operate the turntables independent of each other.

Abradants
For information on Genuine Taber wheels, click here.

Evaluation
There are various techniques used to interpret results generated with the TABER Rotary Platform
Abraser (Abrader). The method of evaluation that you select should reflect the type of material
that is being tested. If you are following a specification - the method for interpreting test results
will be listed.
The most common methods of evaluating results from the Taber Abraser (Abrader) include:
Cycles to a Specific End-Point - The number of cycles required to reach a predetermined end
point, or the appearance or condition of the specimen after a fixed number of cycles. The
evaluation criteria may include: loss in breaking strength, yarn breakage, loss in coating, change
in gloss, color loss, or other changes in appearance. In these cases, the abraded sample is usually
compared to a known standard of the material tested. When visually inspecting changes in
specimen appearance, evaluations should be made using an agreed upon rating system such as a
visual grading scale (e.g. five-step) or pass/fail criteria.

Weight (Mass) Loss - This technique measures how much material has been removed by
abrasion, and is usually reported in milligrams.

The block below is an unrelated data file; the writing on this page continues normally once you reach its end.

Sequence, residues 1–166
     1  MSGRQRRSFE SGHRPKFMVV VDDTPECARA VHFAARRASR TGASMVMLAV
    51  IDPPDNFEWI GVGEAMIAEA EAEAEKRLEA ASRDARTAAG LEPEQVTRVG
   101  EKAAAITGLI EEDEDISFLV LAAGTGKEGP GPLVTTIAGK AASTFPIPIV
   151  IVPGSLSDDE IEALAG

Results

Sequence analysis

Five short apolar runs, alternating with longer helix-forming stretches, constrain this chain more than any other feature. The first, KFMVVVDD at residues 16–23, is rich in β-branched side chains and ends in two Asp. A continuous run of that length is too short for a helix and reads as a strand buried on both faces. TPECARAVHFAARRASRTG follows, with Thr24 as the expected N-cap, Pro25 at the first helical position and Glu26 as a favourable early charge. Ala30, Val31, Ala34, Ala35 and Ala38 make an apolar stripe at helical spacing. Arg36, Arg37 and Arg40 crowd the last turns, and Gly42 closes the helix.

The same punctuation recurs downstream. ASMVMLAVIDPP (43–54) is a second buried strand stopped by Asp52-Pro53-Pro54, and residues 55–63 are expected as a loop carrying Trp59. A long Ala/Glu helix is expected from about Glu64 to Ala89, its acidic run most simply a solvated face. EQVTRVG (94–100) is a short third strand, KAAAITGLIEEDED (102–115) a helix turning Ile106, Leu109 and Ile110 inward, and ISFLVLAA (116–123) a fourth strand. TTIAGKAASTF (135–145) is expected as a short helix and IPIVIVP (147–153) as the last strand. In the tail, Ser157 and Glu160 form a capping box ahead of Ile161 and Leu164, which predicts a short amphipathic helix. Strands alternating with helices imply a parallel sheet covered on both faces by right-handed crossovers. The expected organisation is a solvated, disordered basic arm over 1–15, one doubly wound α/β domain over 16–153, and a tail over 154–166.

L= A- B
where L = weight loss
A = weight (mass) of specimen before abrasion
B = weight (mass) of specimen after abrasion

When performing the weight loss method, loose particulate may adhere to specimens during
testing. It is critical that you clean off the test specimens as best as possible prior to weighing.

Taber Wear Index - Indicates rate of wear, and is calculated by measuring the loss in weight (in
milligrams) per thousand cycles of abrasion. The lower the wear index, the better the abrasion
resistance.

I = [(A - B) * 1000] / C
where I = wear index
A = weight (mass) of specimen before abrasion
B = weight (mass) of specimen after abrasion
C = number of test cycles

Volume Loss - When comparing the wear resistance of materials that have different specific
gravities, a correction for the specific gravity of each material should be applied to give a true
measure of the comparative wear resistance. Calculate the wear index as shown above, and